Saturday, February 21, 2015

What are the risks of falling prices poses in France? – The

What are the risks of falling prices poses in France? – The

After timidly rose 0.1% in December, the index of consumer prices (CPI) has sold 1% in January, according to INSEE. For the first time since October 2009, consumer prices are falling year on year, 0.4%, marked by the fall of 7.1% in energy prices, especially oil products (-15, 9%).

Now in the minds, the threat of deflation is not only rooted in lower energy prices. If the price of services and transport continue to rise year on year, most of the prices of goods falling. This is for example the case of food (-0.2%) and manufacturing (-1.4%). “ The price of many products is even declining. In October 2014, the price of 25% of the 72 key positions in the underlying index has fallen year on year and ,” explained INSEE in his last note of conditions. The underlying index measures inflation excluding goods whose prices are more volatile (food and energy) and public tariffs.

A stimulated consumption at the beginning

If this trend continues permanently, the French economy will enter into recession. Is that so bad? A small and transient decrease in prices is not really a bad thing. Indeed, some price reductions can restore some purchasing power to households that can continue to consume or to over-consume certain goods. For a year, the very low inflation in France largely the resistance of household consumption whose salaries were virtually unchanged. However, if this situation continues, the risk is high that engages what economists call a “deflationary spiral”. It is much more boring. If households believe that prices will continue to fall, they will delay their purchases, reducing demand for trickle.

Household demand is already reduced, those companies even more and the local authorities the lowest, forcing austerity, no doubt a deflationary spiral would make extensive damage to the tricolor economic fabric, already weakened by the 2008-2009 crisis and turmoil.

The race deleveraging

If the deflationary spiral starts, the drop in consumption is not the only consequence. Households and indebted companies then experiencing major difficulties. How to deal with fixed repayments when incomes are falling? As explained by the American economist Irving Fisher after the crisis of the 30s in the US, is an obligation then to sell assets, sometimes sold off prices because prices fall and because the solvency of buyers is necessarily reduced. For households that invested in stone, this may force them to part with their property. For businesses, it is the sale of family jewels, such as patents, brand, part of the real estate, which can be the solution. In a mechanically bear market – everyone seller! – Financial assets must be sold to repay the debt

The problem is that it is difficult to stimulate activity through deleveraging.. In this context, a drop in demand causes plant closures and therefore unemployment which rose mechanically leads to downward pressure on wages. The snake biting its tail.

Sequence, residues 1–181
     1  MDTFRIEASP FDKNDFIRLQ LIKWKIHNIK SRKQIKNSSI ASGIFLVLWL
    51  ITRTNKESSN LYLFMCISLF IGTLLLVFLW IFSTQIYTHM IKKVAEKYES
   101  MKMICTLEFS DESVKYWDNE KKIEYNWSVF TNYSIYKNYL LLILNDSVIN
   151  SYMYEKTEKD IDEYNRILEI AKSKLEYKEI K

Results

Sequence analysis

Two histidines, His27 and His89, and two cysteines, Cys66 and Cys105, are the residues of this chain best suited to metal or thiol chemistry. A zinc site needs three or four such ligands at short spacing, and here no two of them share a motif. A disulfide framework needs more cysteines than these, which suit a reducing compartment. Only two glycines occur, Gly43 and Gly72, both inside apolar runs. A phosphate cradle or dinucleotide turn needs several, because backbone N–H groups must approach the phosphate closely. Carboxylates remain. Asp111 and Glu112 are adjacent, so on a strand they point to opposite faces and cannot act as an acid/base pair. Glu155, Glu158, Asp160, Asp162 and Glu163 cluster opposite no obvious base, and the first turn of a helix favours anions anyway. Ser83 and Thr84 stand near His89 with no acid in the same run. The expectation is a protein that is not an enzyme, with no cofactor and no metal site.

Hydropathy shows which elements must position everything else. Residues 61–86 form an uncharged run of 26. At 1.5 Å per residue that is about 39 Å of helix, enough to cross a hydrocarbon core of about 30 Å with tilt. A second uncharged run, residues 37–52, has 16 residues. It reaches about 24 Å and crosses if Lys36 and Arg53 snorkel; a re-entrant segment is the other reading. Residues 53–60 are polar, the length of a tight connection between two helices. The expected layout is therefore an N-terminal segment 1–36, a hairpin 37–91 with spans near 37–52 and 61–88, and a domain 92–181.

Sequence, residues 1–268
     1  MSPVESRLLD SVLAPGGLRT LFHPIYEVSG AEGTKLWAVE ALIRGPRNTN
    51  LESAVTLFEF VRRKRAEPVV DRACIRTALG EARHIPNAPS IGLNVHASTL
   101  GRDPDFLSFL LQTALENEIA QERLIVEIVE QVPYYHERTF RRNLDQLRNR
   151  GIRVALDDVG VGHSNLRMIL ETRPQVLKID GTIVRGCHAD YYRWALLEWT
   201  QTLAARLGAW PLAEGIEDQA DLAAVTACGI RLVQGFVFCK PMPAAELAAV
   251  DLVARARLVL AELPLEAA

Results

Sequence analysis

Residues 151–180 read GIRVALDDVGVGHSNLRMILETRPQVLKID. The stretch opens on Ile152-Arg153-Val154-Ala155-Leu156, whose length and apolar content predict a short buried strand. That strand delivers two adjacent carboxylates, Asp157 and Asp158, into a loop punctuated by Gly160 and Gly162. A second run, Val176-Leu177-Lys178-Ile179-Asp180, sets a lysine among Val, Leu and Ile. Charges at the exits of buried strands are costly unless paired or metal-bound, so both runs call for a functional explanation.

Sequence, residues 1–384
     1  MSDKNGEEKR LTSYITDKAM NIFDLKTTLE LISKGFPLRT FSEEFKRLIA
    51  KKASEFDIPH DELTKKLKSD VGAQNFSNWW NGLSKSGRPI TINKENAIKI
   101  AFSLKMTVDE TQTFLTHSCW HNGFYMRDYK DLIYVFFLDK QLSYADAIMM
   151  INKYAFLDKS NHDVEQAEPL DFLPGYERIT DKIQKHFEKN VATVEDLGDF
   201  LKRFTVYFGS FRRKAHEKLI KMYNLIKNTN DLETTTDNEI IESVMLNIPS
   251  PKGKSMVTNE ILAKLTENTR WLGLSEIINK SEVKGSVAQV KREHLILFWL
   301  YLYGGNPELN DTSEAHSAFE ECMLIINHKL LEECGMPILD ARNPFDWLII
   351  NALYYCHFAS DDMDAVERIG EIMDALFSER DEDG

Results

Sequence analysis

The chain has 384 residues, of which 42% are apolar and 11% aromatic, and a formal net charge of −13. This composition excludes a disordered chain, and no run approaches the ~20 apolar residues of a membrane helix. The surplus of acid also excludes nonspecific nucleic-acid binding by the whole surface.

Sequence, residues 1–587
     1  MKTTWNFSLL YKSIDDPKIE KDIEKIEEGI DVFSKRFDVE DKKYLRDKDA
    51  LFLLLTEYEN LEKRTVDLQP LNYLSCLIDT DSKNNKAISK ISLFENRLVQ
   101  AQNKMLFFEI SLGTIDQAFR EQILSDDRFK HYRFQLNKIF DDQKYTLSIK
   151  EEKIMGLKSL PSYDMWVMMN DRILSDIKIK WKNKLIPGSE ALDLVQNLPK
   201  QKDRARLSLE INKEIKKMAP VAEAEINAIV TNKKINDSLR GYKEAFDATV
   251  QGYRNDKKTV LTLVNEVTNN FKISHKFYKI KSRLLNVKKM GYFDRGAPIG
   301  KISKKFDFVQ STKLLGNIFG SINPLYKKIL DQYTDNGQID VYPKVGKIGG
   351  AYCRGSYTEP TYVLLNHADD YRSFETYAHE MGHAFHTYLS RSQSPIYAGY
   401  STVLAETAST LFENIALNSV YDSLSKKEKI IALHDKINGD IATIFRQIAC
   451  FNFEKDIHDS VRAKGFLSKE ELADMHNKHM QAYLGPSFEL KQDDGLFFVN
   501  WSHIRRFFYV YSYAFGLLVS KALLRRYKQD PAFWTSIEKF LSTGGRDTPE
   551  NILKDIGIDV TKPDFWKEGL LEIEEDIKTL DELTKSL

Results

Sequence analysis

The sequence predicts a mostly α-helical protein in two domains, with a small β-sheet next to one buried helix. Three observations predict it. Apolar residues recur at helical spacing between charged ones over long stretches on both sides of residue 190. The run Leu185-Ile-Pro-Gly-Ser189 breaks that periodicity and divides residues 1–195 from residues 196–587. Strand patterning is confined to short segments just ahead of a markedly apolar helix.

Wages do not fall

For now, the risk that the threat of deflation actually clicks is not very high in France . For a simple reason. Wages continue to increase. Despite the index point of the freeze, the government has agreed to make a move for agents in category C. Having already received a revaluation of pay scales last year, they were awarded 5 additional index points on 1 January 2015. According to the government, this gesture represents an average of 440 euros in additional net pay from next year to 1.6 million workers.

In the private, the basic monthly wage increased by 1.4% in 2014 according to INSEE. In late June 2015, further increase of 0.8%. “ Unlike Japan, wages in the eurozone, particularly in France and Germany, have a high resilience, which could prevent such a lowering of wages in the event of falling prices. For example, regulations may force opportunities to lower wages, at least in terms of base salary (bonuses can they, adjust). Thus, the existence of a minimum wage creates nominal rigidities, which are all the more important for industries employing workers with low wages , “said INSEE. In France, the minimum wage increased by 0.8% on 1 January 2015.

Employers want lower wages

“lock” can he jump? Several hypotheses are possible. Faced with falling demand and to fight against competition from countries whose price competitiveness is higher, eg because of lower labor costs, what can companies do? They have quite a few solutions. They may decide to lower their prices, reducing margins and those of their subcontractors, back to the wall, have no other choice but to agree to lower their prices to keep their customers. They can also move their production. But this strategy, which implies that the know-how of the company is relocated, has a high cost that all businesses can not afford.

Companies can also decide to lower wages. They have the legal possibility. Employees who oppose this decision may file a complaint. The law carving in stone the national interprofessional agreement signed between the social partners in January 2013 gave more leeway to companies in this field. Indeed, if the company is in financial difficulty, it can depress wages of its workforce as part of defensive agreements, that is to say, to survive for a period of two years. Only wages below 1.2 SMIC are spared. For now.

Another possibility, the government gives in to the pressure of the employers who, after obtaining the implementation of the tax credit for Competitiveness and Employment (CICE) and 43 billion contributions relief via the Covenant of responsibility, claiming to hand and cry the possibility of extending this possibility in the context of offensive agreements. In this case, companies can reduce wages to be able to compete with their competitors whose price competitiveness is higher.


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